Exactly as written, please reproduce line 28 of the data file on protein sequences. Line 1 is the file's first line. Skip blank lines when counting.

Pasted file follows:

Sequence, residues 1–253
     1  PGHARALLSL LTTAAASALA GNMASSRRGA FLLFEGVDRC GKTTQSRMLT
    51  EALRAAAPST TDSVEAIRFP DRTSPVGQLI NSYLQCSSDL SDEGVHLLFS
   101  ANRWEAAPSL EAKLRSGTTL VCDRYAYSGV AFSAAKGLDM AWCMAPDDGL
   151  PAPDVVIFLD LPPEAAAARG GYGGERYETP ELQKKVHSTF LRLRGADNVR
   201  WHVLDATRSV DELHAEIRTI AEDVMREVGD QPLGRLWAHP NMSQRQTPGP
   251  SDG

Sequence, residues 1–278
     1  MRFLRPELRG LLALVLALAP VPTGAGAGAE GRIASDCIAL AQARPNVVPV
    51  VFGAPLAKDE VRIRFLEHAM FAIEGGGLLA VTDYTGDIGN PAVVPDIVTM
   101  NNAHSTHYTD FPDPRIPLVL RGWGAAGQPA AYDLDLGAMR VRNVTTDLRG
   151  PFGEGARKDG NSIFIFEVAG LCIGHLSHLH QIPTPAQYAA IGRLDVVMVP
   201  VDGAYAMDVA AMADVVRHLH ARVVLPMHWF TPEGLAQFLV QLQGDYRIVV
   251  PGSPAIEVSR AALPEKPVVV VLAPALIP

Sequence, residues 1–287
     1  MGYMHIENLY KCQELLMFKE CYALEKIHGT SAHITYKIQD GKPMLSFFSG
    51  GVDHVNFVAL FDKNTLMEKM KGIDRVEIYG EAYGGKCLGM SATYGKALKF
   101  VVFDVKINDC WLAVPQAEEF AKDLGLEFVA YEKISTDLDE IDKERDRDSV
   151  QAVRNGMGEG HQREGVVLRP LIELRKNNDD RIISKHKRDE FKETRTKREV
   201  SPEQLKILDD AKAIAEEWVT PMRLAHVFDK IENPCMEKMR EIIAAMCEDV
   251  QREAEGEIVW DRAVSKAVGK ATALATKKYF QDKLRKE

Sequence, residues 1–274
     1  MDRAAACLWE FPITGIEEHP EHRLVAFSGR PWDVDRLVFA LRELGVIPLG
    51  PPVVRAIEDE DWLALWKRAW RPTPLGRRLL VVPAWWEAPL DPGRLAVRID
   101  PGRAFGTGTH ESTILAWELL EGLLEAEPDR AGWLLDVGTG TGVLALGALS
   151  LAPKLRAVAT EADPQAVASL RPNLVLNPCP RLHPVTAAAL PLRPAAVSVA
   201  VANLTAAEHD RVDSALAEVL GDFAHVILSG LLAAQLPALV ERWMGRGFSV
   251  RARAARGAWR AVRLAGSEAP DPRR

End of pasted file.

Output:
   251  RARAARGAWR AVRLAGSEAP DPRR